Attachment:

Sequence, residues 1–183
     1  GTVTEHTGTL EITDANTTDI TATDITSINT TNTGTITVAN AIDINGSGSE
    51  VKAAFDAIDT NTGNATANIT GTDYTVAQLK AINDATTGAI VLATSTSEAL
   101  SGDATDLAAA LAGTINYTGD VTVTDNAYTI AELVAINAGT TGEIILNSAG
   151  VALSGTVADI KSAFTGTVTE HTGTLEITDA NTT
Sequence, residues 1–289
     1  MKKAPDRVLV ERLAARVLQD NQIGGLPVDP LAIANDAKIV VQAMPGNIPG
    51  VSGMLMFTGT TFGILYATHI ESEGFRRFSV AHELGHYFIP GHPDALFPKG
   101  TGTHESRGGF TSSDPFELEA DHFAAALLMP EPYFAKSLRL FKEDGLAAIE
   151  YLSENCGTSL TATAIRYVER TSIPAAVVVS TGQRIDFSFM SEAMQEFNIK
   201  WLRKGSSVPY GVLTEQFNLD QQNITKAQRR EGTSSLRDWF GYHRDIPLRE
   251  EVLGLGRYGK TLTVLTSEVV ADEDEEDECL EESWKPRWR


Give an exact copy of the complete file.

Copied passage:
Sequence, residues 1–183
     1  GTVTEHTGTL EITDANTTDI TATDITSINT TNTGTITVAN AIDINGSGSE
    51  VKAAFDAIDT NTGNATANIT GTDYTVAQLK AINDATTGAI VLATSTSEAL
   101  SGDATDLAAA LAGTINYTGD VTVTDNAYTI AELVAINAGT TGEIILNSAG
   151  VALSGTVADI KSAFTGTVTE HTGTLEITDA NTT
Sequence, residues 1–289
     1  MKKAPDRVLV ERLAARVLQD NQIGGLPVDP LAIANDAKIV VQAMPGNIPG
    51  VSGMLMFTGT TFGILYATHI ESEGFRRFSV AHELGHYFIP GHPDALFPKG
   101  TGTHESRGGF TSSDPFELEA DHFAAALLMP EPYFAKSLRL FKEDGLAAIE
   151  YLSENCGTSL TATAIRYVER TSIPAAVVVS TGQRIDFSFM SEAMQEFNIK
   201  WLRKGSSVPY GVLTEQFNLD QQNITKAQRR EGTSSLRDWF GYHRDIPLRE
   251  EVLGLGRYGK TLTVLTSEVV ADEDEEDECL EESWKPRWR